To aid the city in the quantitative process mentioned above, we propose four objectives that will help identify and define solutions to the current redevelopment problems.  First, we will determine the most relevant issues involved in the revitalization of Saint Michaels Drive.  We will accomplish this by surveying locals and collecting the opinions of decision makers within the city.  Secondly, we shall collect all existing, available data concerned with the revitalization project and archive it so that it can be accessed quickly and efficiently. After compiling all existing data pertinent to redevelopment, we will begin to identify what non-existing or unavailable data will be relevant by performing field studies guided by our onsite liaison, Lee Depietro and our sponsor the Santa Fe Complex.  Once we have gathered all data, we will apply that information to determine a feasible design solution.  When we decide upon a particular design solution, it will be necessary to estimate the overall impact of the project, so cost figures as well as population and traffic migrations due to redevelopment must all be weighed against current proposals.

[1] http://www.easts.info/on-line/proceedings_05/1923.pdf

[2] Figures, NPG Facts &. Fast Facts about U.S. Population Growth.

http://www.npg.org/facts/uspopfax.htm (accessed March 18, 2010).

[3] Table 1060. State Motor Vehicle Registrations: 1990 to 2007.

[4] Martin Chourre and Stewart Wright. Population Growth of the Southwest United States, 1900-1990: U.S.

Geological Survey, 2003


[5] Martin Chourre and Stewart Wright. Population Growth of the Southwest United States, 1900-1990: U.S.

Geological Survey, 2003


[6]One Half of the World’s Population, Approximately 3 Billion People on Six Continents, Lives Or Works in

Buildings Constructed of Earth.” New Mexico – Earth Architecture -.

http://www.eartharchitecture.org/index.php?/categories/60-New-Mexico (accessed March 18, 2010).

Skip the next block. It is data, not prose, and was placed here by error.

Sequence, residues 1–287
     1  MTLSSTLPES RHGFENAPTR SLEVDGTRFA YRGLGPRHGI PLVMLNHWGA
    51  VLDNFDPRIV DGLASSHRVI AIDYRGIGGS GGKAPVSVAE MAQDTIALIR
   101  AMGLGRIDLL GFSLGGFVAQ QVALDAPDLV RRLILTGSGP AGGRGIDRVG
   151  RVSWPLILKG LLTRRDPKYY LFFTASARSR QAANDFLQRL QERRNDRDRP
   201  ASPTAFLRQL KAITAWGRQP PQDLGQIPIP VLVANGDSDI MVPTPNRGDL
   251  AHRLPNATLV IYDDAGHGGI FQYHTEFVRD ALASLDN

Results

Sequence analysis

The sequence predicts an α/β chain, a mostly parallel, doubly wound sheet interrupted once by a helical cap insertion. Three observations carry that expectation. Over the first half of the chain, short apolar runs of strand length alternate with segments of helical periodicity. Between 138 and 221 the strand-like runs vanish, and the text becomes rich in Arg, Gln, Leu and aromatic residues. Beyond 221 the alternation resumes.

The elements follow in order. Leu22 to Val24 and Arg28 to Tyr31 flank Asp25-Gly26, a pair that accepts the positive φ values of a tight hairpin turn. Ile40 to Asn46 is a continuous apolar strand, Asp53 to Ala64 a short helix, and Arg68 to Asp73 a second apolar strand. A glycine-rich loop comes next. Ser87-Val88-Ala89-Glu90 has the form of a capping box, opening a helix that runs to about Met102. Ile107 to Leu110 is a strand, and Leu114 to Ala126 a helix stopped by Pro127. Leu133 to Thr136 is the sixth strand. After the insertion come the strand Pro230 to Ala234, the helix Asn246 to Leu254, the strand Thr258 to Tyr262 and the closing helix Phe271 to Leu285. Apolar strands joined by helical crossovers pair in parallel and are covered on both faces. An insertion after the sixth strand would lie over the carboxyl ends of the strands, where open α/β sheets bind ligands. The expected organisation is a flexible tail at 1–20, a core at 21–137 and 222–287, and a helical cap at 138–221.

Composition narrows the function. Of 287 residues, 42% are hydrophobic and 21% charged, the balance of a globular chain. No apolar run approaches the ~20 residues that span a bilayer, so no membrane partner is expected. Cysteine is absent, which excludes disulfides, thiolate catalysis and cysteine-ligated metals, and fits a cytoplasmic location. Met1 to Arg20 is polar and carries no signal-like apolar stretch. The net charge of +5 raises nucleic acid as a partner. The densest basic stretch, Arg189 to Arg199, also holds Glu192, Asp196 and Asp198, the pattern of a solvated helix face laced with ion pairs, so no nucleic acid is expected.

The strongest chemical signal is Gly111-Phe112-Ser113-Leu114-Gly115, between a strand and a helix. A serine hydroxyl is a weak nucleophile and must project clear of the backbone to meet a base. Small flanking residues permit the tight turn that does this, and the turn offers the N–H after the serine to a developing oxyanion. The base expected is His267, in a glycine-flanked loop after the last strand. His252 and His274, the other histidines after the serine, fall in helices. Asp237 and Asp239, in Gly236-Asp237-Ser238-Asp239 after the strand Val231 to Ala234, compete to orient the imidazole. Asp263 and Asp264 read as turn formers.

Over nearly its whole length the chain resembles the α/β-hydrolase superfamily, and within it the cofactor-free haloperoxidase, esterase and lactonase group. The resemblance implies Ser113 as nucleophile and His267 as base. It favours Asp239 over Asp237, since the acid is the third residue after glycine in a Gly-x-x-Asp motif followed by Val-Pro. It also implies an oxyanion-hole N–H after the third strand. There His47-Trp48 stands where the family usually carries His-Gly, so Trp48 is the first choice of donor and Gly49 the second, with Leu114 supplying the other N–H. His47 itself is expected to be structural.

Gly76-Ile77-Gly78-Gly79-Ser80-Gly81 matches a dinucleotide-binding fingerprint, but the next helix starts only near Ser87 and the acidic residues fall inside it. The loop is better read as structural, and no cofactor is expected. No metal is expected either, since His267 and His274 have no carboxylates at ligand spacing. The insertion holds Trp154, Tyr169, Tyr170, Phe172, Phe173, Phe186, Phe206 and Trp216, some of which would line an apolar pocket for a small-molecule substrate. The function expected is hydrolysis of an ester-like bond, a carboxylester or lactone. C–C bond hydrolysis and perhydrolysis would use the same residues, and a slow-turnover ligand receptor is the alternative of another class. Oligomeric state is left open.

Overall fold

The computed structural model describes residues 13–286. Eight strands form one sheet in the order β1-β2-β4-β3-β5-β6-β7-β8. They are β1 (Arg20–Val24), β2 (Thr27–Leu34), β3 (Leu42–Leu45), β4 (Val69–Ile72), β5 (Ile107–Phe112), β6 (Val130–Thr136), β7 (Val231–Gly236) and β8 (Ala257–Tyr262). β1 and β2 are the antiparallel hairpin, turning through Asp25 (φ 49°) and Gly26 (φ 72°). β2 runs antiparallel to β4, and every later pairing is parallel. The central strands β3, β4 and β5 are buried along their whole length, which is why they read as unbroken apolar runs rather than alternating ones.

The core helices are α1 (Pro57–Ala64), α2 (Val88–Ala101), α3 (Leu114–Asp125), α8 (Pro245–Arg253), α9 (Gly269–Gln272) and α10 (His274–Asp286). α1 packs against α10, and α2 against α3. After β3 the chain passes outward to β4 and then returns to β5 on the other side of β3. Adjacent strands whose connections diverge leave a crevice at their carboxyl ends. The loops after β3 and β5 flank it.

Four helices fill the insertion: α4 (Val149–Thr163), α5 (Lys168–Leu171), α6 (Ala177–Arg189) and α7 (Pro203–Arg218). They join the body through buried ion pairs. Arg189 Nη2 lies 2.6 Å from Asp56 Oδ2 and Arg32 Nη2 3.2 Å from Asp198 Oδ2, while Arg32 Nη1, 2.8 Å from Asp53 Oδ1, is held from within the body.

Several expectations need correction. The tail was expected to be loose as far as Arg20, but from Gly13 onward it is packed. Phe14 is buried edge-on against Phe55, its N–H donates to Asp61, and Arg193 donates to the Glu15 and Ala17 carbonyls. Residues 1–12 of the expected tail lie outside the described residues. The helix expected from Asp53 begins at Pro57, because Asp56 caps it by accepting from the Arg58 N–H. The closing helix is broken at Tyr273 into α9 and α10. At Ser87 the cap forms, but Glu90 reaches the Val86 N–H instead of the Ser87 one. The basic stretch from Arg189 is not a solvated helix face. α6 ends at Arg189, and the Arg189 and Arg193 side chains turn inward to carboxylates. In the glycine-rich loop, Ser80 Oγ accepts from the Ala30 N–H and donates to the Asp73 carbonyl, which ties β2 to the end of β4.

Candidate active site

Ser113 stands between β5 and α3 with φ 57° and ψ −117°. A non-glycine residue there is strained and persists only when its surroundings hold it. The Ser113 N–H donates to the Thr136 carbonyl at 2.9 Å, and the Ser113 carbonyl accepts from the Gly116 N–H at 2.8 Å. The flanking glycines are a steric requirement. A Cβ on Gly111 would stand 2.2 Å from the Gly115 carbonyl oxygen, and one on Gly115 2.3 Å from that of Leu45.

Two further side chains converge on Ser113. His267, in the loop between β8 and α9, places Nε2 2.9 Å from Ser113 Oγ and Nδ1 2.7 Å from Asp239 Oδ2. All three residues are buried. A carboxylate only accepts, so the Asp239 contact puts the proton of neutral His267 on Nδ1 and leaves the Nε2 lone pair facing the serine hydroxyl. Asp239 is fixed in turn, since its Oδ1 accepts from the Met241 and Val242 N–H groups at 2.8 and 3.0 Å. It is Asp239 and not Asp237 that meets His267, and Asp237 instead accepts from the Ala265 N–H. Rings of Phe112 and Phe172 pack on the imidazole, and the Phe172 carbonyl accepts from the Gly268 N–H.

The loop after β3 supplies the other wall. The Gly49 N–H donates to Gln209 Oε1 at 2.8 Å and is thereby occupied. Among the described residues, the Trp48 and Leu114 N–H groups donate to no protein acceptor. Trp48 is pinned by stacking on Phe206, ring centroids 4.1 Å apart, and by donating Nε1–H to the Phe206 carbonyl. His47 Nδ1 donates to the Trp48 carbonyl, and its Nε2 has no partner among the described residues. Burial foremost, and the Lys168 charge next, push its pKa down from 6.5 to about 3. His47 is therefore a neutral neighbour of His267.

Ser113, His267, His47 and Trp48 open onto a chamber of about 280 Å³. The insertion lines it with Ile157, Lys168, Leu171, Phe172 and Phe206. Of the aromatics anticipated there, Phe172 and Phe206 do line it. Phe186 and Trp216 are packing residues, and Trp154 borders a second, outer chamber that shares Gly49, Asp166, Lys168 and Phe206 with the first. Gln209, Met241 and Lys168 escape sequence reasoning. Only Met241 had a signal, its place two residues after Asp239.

[7] http://railyardsantafe.com/index.php?page=history

[8] All About Cities. Random thoughts from Santa Fe. 2007 [cited March 18 2010].


[9] The City of Santa Fe Government. St.Micheal’s Boulevards. Accessed 3/18/2010.


[10] The City of Santa Fe Government. Santa Fe Trends 2010. Accessed 3/18/2010


[11] The City of Santa Fe Government. Downtown Vision Plan. Accessed 3/18/2010


[12] The City of Santa Fe Government. Downtown Vision Plan. Accessed 3/18/2010


[13] The City of Santa Fe Government. Downtown Vision Plan. Accessed 3/18/2010



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WPI Urban Planning Team

Santa Fe Term D 2010

WPI Logo

WPI Logo

Team Info: Information about our team and the project

Individual Info Information about our team members and their individual entries archive

Mission Statement

The ultimate goal of this project is to assist the City of Santa Fe in establishing baselines of the current state of Saint Michael’s Drive and providing tools to visualize the future redevelopment of the area.

Project Objectives

To accomplish this goal, four objectives were developed that would lead to the most ideal redevelopment design that meets the set targets and goals. The objectives are:

1. Collect, organize, and integrate Saint Michael’s Drive data.

2. Identify relevant issues and local preferences.

3. Identify measurable indicators to assess current and future designs.

4. Visualize impacts of current and future designs.

Important Pages

1. HowTo: A Quick Guide to our Blog

2. Proposal (submitted to advisor, 3/22/2010)

3. Presentation (final, updated 05/05/2010)

4. Announcement

     • 03/21/2010:

     _ Moving from Blogspot to Wordpress

     • 03/24/2010:

     _ Proposal submitted, 03/22/2010. Online version posted.

     • 05/05/2010:

     _ Final Presentation Uploaded, 05/05/2010. Click here to view.